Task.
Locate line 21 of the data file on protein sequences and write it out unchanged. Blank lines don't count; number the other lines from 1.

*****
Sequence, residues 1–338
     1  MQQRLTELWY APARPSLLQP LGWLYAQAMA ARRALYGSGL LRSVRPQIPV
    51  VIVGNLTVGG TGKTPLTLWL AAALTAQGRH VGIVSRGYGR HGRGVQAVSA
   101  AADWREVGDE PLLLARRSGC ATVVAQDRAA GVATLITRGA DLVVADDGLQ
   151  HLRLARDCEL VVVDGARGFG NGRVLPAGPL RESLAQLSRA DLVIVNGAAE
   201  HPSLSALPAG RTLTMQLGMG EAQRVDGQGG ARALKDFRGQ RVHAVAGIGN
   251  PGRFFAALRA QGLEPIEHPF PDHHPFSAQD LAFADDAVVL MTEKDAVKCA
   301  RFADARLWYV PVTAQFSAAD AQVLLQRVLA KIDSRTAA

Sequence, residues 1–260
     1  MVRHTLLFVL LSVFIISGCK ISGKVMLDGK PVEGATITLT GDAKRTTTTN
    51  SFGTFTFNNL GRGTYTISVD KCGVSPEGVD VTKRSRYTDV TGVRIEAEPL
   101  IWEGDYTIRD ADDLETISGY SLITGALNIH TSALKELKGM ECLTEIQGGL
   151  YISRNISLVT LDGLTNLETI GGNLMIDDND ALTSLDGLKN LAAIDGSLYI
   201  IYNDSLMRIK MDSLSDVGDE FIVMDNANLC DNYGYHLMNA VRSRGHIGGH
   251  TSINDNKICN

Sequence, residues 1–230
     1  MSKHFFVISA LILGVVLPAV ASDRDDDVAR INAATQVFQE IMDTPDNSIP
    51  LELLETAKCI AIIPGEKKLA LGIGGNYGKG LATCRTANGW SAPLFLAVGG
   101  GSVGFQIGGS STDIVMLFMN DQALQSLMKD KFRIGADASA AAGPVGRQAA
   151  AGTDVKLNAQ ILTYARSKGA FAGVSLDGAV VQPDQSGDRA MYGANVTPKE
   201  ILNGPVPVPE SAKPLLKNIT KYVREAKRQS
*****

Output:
   201  ILNGPVPVPE SAKPLLKNIT KYVREAKRQS